G-20 nations spends $11 trillion to support post-Covid economic recovery

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The total spending to date, by way of comparison, is more than twice the gross domestic 
product of Japan.
G-20 nations also spent a combined $21 billion to enhance pandemic preparedness and response,
the statement added.

G-20 nations have deployed an unprecedented $11 trillion so far to accelerate an equitable and sustainable economic recovery from the coronavirus crisis, according to a report released ahead of the G-20 leaders’ summit in Saudi Arabia this week.

“G20 members adopted immediate and exceptional measures to address the pandemic’s impact, including the implementation of unparalleled fiscal, monetary and financial stability actions,” the release said.

The total spending to date, by way of comparison, is more than twice the gross domestic product of Japan. G-20 nations also spent a combined $21 billion to enhance pandemic preparedness and response, the statement added.

Saudi Arabia’s summit, conducted mostly online, is focusing on restoring growth and safeguarding the global economic recovery, while addressing the protracted global health and humanitarian crisis created by the pandemic.

“We have an opportunity to recover stronger and more sustainably from this pandemic, with greater social and economic inclusion,” said Saudi Arabia’s Finance Minister Mohammed al-Jadaan, who is playing a key role in shaping the agenda for the summit on Nov. 21-22.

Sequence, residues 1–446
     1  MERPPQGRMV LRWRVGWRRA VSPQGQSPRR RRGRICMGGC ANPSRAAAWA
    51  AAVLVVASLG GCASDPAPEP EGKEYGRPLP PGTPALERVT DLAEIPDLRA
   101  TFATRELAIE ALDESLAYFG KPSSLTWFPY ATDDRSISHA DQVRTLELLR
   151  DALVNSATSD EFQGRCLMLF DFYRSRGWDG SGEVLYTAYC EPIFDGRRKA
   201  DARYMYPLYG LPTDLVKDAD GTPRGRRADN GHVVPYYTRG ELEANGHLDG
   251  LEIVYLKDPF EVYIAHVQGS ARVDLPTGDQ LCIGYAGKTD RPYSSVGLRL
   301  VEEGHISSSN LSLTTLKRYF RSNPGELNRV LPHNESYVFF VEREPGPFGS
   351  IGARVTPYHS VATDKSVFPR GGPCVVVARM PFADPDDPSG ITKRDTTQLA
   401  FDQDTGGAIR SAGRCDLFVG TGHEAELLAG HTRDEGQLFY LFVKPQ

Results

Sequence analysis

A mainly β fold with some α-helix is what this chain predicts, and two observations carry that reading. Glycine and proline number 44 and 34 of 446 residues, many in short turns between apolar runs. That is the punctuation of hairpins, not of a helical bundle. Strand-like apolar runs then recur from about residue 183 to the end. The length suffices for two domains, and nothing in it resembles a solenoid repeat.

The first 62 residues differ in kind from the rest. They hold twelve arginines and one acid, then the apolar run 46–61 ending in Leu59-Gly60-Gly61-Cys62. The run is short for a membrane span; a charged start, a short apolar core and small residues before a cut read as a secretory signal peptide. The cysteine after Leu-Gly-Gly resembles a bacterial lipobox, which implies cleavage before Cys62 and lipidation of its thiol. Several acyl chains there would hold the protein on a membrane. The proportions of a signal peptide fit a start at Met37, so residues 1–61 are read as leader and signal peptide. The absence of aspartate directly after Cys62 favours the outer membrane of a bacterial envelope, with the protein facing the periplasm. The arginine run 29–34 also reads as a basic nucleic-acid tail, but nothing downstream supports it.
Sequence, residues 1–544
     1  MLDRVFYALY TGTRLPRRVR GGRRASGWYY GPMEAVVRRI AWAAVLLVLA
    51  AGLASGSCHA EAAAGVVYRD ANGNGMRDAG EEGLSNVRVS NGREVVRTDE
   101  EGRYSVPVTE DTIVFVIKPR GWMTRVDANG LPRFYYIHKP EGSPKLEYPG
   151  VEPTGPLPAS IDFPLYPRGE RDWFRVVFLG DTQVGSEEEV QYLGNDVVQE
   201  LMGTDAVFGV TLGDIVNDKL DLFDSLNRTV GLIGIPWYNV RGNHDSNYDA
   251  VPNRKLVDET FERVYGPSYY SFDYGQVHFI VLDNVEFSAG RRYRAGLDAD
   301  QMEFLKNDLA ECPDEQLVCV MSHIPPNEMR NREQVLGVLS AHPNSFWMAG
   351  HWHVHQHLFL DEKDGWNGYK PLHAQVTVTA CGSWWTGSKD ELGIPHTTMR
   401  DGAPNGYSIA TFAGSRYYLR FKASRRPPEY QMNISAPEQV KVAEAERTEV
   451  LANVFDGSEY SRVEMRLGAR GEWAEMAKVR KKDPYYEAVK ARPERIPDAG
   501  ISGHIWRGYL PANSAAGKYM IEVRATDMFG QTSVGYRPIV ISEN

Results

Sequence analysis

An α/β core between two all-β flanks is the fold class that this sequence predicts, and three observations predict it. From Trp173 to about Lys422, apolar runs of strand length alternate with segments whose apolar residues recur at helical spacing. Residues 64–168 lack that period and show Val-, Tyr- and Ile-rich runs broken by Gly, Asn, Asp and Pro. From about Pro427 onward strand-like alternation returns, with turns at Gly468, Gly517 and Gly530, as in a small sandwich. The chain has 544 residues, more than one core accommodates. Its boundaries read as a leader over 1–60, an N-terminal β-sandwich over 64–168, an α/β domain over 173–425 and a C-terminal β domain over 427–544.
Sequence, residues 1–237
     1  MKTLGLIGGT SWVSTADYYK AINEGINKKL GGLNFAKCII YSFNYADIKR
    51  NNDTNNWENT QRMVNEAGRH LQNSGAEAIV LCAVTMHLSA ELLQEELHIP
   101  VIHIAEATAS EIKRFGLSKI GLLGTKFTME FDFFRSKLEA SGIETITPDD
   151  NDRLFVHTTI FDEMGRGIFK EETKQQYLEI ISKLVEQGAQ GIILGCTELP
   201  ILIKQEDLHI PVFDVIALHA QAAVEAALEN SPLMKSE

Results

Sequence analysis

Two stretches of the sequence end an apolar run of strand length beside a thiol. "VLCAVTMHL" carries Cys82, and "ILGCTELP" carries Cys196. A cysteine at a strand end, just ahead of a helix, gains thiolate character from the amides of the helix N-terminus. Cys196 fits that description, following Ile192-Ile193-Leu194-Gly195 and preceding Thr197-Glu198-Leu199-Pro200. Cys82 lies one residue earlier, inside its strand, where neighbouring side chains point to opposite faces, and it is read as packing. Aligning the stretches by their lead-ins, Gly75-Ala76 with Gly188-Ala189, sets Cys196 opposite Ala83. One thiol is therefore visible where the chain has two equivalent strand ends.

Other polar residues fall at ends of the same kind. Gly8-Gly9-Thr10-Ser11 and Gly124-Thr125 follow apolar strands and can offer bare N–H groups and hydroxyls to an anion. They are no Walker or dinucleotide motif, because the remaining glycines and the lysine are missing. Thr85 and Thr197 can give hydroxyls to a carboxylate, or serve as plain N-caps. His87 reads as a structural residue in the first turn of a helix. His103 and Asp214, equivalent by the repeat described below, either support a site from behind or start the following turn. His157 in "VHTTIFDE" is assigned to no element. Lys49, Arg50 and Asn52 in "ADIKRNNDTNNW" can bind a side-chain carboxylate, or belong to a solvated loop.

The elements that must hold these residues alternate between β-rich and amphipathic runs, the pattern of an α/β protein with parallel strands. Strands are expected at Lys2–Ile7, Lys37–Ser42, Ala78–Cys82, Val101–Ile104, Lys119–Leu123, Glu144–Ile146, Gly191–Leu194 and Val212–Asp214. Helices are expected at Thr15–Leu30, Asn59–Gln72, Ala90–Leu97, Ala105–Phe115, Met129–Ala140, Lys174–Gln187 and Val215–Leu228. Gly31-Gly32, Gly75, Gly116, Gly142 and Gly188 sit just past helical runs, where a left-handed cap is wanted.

“Through a united global response, the G20 is determined to continue tackling the major challenges of our time and work towards finding solutions,” he added.

Collectively, G-20 (Group of 20) members represent around 80% of the world’s economic output, two thirds of the global population and three quarters of international trade. The group includes Argentina, Australia, Brazil, Canada, China, France, Germany, India, Indonesia, Italy, Japan, Mexico, Korea, Russia, Saudi Arabia, South Africa, Turkey, the United Kingdom, the United States, and the European Union.
Saudi Arabia’s presidency shaped by outbreak

Saudi Arabia’s G-20 presidency has been dominated by the need to address the deep wounds created by the coronavirus. Just days after the first finance ministers and central bank governors meeting held in Riyadh in February, markets and the global economy began to plunge dramatically as countries imposed strict lockdowns through March and April to curb the spread of the virus.

While aggressive stimulus and monetary policy countermeasures have supported a tepid resumption of growth and stability within the financial system in the second half of the year, the long-term impact of the Covid-19 shock is still materializing. The United States and Europe are confronting renewed spikes in infections and climbing death tolls. New and prolonged lockdowns to protect lives and livelihoods will also delay the recovery trajectory.

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